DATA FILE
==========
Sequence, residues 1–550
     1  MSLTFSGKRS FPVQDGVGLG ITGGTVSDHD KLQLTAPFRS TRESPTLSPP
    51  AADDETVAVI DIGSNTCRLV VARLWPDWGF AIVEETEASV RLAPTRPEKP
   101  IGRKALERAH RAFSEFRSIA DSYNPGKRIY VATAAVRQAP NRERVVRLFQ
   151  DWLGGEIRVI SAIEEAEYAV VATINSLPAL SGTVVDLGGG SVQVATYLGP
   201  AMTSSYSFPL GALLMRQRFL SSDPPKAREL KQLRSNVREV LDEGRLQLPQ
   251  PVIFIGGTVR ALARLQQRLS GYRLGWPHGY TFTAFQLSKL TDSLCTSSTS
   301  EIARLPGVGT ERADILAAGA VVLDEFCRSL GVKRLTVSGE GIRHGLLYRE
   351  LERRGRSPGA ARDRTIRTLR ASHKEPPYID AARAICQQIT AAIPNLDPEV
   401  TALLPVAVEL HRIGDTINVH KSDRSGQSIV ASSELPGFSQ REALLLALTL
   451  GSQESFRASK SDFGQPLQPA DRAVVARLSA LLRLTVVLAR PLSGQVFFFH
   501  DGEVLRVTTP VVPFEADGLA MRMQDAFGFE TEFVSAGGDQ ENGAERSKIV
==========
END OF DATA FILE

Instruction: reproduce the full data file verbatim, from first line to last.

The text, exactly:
Sequence, residues 1–550
     1  MSLTFSGKRS FPVQDGVGLG ITGGTVSDHD KLQLTAPFRS TRESPTLSPP
    51  AADDETVAVI DIGSNTCRLV VARLWPDWGF AIVEETEASV RLAPTRPEKP
   101  IGRKALERAH RAFSEFRSIA DSYNPGKRIY VATAAVRQAP NRERVVRLFQ
   151  DWLGGEIRVI SAIEEAEYAV VATINSLPAL SGTVVDLGGG SVQVATYLGP
   201  AMTSSYSFPL GALLMRQRFL SSDPPKAREL KQLRSNVREV LDEGRLQLPQ
   251  PVIFIGGTVR ALARLQQRLS GYRLGWPHGY TFTAFQLSKL TDSLCTSSTS
   301  EIARLPGVGT ERADILAAGA VVLDEFCRSL GVKRLTVSGE GIRHGLLYRE
   351  LERRGRSPGA ARDRTIRTLR ASHKEPPYID AARAICQQIT AAIPNLDPEV
   401  TALLPVAVEL HRIGDTINVH KSDRSGQSIV ASSELPGFSQ REALLLALTL
   451  GSQESFRASK SDFGQPLQPA DRAVVARLSA LLRLTVVLAR PLSGQVFFFH
   501  DGEVLRVTTP VVPFEADGLA MRMQDAFGFE TEFVSAGGDQ ENGAERSKIV